Speaking in Tel Aviv before about 2,000 delegates of the Jewish Federations of North America, President Isaac Herzog advocated dialogue, but stopped short of acknowledging protests outside the venue over Israel’s controversial judicial overhaul by hundreds of demonstrators.
Herzog, who did say in his speech that “there is no greater existential threat to our people than the one that comes from within,” followed remarks by several dignitaries, including Doron Almog, chairman of the Jewish Agency for Israel, and Julie Platt, chair of the Board of Trustees of the Jewish Federations of North America, who did address the overhaul and protests.
“To the protesters outside: We see you, we hear you and we are inspired by your love for Israel,” Platt said in her opening comments at the JFNA General Assembly at the Expo Tel Aviv convention center, adding that the debate about the overhaul is proof of “how central Israel is to all of our lives.”
Almog also referenced the protests directly, saying they have shown “how fragile unity is, but also showed how robust Israeli democracy is.”
The hundreds of protesters outside shouted “democracy” and other slogans against the overhaul — which seeks to strictly limit the checks the judiciary has over the legislative and executive branches — through bullhorns and using vuvuzelas.
Amid mobilization by the protesters, Prime Minister Benjamin Netanyahu on Sunday canceled his scheduled speech at the General Assembly. His office said that was due to scheduling conflicts but many observers, including at the GA, believed it was due to the protests.
The GA was moved to April from its usual fall schedule to coincide with Israel’s 75th anniversary. Several major conventions of Jewish organizations, including the World Zionist Organization and the Jewish Agency for Israel, were also moved or convened especially to take place in Israel this month. Those events coincided with the culmination of a political crisis rooted in the dispute over the judicial overhaul, which is dividing Israeli society along ideological, socio-ecnomic, and ethnic lines.
Herzog made a direct reference to the overhaul, which he called “judicial reform,” adopting the government’s term for it, only to note that his office is mediating talks between its supporters and opponents.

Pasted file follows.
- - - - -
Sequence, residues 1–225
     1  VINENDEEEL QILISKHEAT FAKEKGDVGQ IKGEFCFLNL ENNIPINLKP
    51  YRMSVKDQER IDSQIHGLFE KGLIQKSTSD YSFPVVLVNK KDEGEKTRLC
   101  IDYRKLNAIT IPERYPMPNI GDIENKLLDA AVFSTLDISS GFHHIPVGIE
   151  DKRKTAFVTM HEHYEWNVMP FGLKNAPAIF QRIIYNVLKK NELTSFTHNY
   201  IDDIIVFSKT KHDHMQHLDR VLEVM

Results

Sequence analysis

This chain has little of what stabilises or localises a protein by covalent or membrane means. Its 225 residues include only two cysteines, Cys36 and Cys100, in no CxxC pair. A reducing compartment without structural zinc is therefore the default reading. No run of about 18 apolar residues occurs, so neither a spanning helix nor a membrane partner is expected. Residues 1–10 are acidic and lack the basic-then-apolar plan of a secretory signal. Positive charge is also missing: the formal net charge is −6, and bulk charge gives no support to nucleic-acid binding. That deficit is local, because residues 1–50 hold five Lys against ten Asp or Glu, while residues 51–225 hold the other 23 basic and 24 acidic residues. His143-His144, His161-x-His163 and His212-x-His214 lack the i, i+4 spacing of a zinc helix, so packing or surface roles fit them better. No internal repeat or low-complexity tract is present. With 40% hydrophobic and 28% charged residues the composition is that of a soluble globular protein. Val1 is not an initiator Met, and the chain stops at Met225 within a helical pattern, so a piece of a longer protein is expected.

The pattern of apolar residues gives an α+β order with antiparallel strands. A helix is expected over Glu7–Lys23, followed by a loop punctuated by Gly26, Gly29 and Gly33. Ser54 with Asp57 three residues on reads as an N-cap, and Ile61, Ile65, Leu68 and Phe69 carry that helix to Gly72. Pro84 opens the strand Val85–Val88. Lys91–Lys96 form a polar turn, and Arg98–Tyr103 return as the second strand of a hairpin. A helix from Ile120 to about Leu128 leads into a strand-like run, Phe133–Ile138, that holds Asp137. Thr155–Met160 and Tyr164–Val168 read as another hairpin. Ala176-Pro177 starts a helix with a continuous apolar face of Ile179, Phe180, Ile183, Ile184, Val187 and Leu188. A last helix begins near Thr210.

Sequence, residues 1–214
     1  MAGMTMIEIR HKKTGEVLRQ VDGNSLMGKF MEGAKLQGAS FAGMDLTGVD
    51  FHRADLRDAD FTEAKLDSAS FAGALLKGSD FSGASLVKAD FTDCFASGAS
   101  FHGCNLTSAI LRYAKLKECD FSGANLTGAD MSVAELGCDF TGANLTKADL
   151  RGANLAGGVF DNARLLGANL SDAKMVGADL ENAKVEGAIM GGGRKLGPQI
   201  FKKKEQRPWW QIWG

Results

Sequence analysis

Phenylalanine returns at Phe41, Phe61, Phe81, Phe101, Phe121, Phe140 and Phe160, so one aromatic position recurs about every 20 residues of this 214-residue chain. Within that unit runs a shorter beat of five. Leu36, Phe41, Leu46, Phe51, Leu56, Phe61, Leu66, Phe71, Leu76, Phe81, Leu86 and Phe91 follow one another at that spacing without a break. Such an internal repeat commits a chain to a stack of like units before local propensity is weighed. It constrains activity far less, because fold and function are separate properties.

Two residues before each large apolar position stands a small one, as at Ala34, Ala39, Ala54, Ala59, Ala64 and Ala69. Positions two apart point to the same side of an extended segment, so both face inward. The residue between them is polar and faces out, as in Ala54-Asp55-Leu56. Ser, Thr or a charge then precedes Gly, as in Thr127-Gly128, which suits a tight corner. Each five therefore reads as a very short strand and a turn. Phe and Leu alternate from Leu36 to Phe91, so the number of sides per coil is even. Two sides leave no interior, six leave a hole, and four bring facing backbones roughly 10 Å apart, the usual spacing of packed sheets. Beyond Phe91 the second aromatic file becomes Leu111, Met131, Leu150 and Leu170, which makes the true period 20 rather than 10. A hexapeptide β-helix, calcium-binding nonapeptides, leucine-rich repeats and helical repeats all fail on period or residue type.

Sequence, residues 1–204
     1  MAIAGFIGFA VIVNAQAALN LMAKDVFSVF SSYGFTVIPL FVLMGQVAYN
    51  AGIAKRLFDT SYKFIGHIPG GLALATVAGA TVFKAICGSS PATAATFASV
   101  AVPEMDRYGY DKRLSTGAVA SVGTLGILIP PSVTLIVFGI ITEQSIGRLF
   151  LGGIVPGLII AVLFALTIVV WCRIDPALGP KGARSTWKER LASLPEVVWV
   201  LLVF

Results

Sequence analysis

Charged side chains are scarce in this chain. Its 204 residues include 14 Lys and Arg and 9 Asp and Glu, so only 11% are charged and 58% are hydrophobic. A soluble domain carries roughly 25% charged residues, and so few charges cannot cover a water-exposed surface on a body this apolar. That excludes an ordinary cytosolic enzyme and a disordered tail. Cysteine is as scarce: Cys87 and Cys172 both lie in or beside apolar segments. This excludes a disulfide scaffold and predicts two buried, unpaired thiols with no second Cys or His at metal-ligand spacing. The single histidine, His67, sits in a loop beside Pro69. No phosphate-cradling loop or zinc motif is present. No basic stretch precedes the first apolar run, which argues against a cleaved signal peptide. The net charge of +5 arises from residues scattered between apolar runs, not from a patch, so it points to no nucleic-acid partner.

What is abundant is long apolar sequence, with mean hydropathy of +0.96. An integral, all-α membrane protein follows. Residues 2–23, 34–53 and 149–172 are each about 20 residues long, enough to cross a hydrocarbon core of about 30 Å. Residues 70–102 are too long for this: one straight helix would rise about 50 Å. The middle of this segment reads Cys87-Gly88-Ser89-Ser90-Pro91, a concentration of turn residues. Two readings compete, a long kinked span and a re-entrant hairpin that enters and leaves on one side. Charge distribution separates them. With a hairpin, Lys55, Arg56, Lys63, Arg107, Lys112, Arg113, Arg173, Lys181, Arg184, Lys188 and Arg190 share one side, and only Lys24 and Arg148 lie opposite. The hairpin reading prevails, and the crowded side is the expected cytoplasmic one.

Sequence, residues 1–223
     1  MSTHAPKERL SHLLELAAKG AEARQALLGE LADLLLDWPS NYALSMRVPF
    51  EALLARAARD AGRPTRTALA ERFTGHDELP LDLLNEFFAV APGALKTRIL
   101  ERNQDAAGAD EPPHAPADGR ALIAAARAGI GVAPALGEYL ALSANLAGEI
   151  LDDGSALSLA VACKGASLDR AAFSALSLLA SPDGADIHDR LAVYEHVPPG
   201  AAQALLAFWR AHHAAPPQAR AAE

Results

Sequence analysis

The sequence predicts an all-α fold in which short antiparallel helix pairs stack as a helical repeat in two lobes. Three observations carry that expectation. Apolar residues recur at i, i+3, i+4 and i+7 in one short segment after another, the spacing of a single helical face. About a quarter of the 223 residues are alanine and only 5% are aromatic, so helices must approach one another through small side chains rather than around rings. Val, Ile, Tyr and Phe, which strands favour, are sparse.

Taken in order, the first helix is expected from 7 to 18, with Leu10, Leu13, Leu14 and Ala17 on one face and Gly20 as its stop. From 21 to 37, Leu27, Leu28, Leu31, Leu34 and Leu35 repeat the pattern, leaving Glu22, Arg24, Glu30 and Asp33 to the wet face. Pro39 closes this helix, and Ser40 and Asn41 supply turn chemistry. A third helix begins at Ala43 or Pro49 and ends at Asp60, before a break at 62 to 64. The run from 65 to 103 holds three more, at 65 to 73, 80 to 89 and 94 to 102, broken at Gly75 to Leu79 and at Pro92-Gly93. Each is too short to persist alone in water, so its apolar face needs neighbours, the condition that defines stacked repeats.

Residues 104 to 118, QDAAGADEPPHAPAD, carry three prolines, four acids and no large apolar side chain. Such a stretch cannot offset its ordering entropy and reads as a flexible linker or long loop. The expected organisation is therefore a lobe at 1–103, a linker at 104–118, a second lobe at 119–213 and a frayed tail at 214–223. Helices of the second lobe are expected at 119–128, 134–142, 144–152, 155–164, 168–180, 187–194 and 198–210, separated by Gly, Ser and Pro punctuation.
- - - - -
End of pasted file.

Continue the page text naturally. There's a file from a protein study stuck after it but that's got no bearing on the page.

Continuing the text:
The president — who has previously urged the coalition to “abandon” its legislative package, and issued an alternate framework that was rejected by Netanyahu — also made indirect references to the dispute over the judicial overhaul, saying that: “Within the abundance of our gifts, we can also acknowledge that there are some concerning trends in our peoplehood. Trends that cast a shadow on our joint future.”
He listed several general trends, including “gaps” between Jews and “shallow, superficial discourse.” Herzog then moved closer to naming the protests, saying: “The fierce debate over Israel’s direction in recent months is a striking example of the ways that alienation between different groups, and polarization that festers for years, becomes corrosive.”
During the event he was not mentioned at all. More than that, JFNA chair Julie Platt complimented the Israeli protestors, saying they were an inspiration and the audience responded with standing ovation pic.twitter.com/UvpYkvCMEn
— Tal Schneider טל שניידר تال شنايدر (@talschneider) April 23, 2023
Despite external threats, “I am convinced that there is no greater existential threat to our people than the one that comes from within: Our own polarization and alienation from one another,” he added.
“I believe that it is only through dialogue between us that we can possibly allow our moments of crisis to turn into moments of growth,” Herzog said.
Herzog announced that his office has developed “a brand new initiative called ‘Kol Ha’am — Voice of the People: The President’s Initiative for Worldwide Jewish Dialogue,’ which he described as a newly-launched global council for Jewish dialogue.
“You might call it a Jewish Davos: nonpartisan and apolitical, Voice of the People will be a collaborative forum. One that can hold and reflect the full and diverse range of Jewish voices. It will be a place where we can engage in serious, sensitive and strategic discussions on the most complex and pressing issues facing our people,” Herzog said. He did not specify the place, time and scope of the initiative.
The president’s speech celebrated Israel’s achievements despite dangers that were at times existential, and the contribution by Diaspora Jews, “and especially from North America,” ending his speech by wishing his listeners happy Independence Day in Hebrew: “Good luck to you. Good luck to us! Am Yisrael Chai! Happy 75th, our beloved State of Israel! Yom Ha’atzmaut Sameach!”